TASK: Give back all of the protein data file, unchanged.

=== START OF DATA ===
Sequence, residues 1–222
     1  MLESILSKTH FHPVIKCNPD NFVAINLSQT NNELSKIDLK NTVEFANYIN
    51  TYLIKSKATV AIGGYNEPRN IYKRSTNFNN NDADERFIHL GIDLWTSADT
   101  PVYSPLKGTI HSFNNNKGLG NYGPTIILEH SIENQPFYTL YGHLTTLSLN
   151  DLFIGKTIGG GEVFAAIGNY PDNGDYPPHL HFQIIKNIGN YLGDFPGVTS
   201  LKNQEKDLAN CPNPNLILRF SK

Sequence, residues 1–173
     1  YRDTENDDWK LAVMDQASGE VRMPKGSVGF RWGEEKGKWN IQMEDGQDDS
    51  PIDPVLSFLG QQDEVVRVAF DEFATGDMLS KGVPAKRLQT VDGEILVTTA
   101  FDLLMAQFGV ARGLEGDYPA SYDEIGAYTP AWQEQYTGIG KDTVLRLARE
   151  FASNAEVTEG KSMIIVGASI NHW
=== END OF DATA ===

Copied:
Sequence, residues 1–222
     1  MLESILSKTH FHPVIKCNPD NFVAINLSQT NNELSKIDLK NTVEFANYIN
    51  TYLIKSKATV AIGGYNEPRN IYKRSTNFNN NDADERFIHL GIDLWTSADT
   101  PVYSPLKGTI HSFNNNKGLG NYGPTIILEH SIENQPFYTL YGHLTTLSLN
   151  DLFIGKTIGG GEVFAAIGNY PDNGDYPPHL HFQIIKNIGN YLGDFPGVTS
   201  LKNQEKDLAN CPNPNLILRF SK

Sequence, residues 1–173
     1  YRDTENDDWK LAVMDQASGE VRMPKGSVGF RWGEEKGKWN IQMEDGQDDS
    51  PIDPVLSFLG QQDEVVRVAF DEFATGDMLS KGVPAKRLQT VDGEILVTTA
   101  FDLLMAQFGV ARGLEGDYPA SYDEIGAYTP AWQEQYTGIG KDTVLRLARE
   151  FASNAEVTEG KSMIIVGASI NHW